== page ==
If you heard a whoosh of air over the last couple of weeks, look for a flash of red: it just may have been the free-fall of Ben Scrivens’ save percentage.
OK, that may not entirely be fair, but the Cornell goalie has allowed a total of 15 goals in his last six starts, including the early exit against St. Lawrence in that 8-1 win three weeks ago. He also gave up eight goals last weekend in the Big Red’s lost weekend at Dartmouth and Harvard.
Now, I don’t say this to pick on Scrivens; he’s had a great seson, and he’s going to be a finalist for the award. As we know, though, Hobey doesn’t like goalies (can I talk about Hobey’s likes and dislikes the way movie people do with Oscar?), especially not when they come from a system that regularly produces strong goaltending numbers. Scrivens’ best shot was – and possibly still is – to get into Ryan Miller territory for the year (1.32 GAA, .950 SV%), and after the last three weeks, he’s not there (1.63 GAA, .940 SV%).
But then again, there’s no skater with an especailly strong claim to the award, either. The top two scorers in the country – Quinnipiac’s Bryan Leitch and Boston University’s Colin Wilson – have a disproportionate number of assists as part of their total, and Hobey likes forwards to have lots of goals. Jamie McBain has a higher scoring average than any college defenseman since Matt Carle in his 2005-06 Hobey season, but he doesn’t have two national championships, which is kind of important for individual recognition when your team is on the NCAA torunament bubble. Besides, we’re still waiting for the promotional appearance by Rainier Wolfcastle.
So, what does all this mean? Well, in contrast to last year, when Kevin Porter was the prohibitive favorite for the Hobey for weeks before he collected his hardware in Denver – and Nate Gerbe was mounting one hell of a challenge – there is no true front-runner in this race from a statistical standpoint.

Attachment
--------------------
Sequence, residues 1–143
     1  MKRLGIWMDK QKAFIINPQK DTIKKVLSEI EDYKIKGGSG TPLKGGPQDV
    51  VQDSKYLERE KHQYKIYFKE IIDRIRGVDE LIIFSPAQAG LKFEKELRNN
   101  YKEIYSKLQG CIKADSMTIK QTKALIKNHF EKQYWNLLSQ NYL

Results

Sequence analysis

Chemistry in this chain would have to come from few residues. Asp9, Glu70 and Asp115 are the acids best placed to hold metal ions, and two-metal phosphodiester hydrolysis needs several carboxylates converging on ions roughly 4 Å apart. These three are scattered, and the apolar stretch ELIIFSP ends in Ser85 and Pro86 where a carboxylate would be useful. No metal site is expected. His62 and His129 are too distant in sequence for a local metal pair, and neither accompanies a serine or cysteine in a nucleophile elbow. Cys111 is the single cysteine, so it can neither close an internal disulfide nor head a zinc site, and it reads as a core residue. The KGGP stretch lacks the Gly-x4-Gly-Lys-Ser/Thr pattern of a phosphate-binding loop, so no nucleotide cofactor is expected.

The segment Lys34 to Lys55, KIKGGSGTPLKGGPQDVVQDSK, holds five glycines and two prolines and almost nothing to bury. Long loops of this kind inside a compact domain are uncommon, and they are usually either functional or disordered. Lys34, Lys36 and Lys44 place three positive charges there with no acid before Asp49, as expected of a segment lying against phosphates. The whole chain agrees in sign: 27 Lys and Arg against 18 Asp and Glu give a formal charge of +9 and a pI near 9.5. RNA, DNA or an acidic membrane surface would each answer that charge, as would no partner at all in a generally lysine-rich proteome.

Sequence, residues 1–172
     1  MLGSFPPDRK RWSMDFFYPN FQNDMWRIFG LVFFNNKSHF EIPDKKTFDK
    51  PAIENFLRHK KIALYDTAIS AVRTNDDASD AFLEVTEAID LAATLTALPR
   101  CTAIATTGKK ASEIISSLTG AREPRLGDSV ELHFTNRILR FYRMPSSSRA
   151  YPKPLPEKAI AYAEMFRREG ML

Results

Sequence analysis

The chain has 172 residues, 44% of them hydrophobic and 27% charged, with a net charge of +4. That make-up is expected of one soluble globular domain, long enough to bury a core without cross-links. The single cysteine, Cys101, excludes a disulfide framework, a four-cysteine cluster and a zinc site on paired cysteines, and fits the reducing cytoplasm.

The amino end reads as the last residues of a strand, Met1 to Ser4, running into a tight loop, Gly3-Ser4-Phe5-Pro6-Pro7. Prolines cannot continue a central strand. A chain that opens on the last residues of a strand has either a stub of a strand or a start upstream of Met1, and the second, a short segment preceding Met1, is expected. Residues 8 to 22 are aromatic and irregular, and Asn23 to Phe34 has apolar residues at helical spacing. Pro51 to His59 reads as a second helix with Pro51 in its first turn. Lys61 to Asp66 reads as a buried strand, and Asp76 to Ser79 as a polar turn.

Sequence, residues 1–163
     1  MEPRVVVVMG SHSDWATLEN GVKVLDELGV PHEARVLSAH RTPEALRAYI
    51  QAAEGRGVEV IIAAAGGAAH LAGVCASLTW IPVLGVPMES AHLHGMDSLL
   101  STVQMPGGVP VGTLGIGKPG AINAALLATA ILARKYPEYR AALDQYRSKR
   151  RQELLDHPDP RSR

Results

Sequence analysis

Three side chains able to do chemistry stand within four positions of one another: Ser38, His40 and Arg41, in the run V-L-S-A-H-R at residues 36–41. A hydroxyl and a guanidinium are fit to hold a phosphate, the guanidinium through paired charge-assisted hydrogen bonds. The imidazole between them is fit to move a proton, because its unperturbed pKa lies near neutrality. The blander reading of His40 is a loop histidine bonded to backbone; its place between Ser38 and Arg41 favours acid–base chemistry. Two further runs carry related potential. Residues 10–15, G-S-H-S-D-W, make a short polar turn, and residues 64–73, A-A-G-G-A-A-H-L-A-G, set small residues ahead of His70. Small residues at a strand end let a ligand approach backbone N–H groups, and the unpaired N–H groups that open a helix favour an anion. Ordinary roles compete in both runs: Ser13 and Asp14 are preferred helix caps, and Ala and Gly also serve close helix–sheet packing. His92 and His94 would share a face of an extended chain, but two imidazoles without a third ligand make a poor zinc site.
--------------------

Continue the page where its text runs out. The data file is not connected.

That’s excellent news for three people in particular: Brad Thiessen of Northeastern, Matt Gilroy of Boston University, and Jacques Lamoureux of Air Force.
Why those three? Because they have a story, and that makes them more attractive Hobey candidates, particularly when there’s no clear front-runner (and when there is a front-runner, a compelling story makes that lead almost unassailable; just ask Kevin Porter).
Thiessen doesn’t have Scrivens’ numbers – even with Cornell’s recent slide – but he’s taking Northeastern, a perennial also-ran in the city of Boston and in Hockey East – and made them a force to be reckoned with. There are probably those out there who consider Thiessen’s performance this season more impressive than Scrivens’. I’m not one of them, but I think they’re out there.
Gilroy, meanwhile, was my preseason pick to fill Porter’s role as the guy who stayed in school when he had the opportunity to turn pro, and led his team to the Frozen Four. Well, that seems to be the one pick I was solid on (and if you want some entertainment, go back to my preseason “casting” and look at just how wrong I was). He’s also a guy who brings a ton of elements that don’t show up on the stat sheet, and when no one is really filling the stat sheet at what we’ve come to recognize as Hobey levels, that becomes much more important.
Lamoureux, meanwhile, is the national leader in goals, power-play goals, and game-winning goals, so he’s already got the numbers on his side as much as Wilson does (or possibly more). Add to that the idea of an Air Force cadet being up for an award named for a fighter pilot, his candidacy for the Hockey Humanitarian Award, and the fact that he was so set on going to Air Force – in wartime, no less – that he transferred from Northern Michigan, and he may be on the verge of becoming the favorite for the award.
But we shall see. Right now, it’s anyone’s race.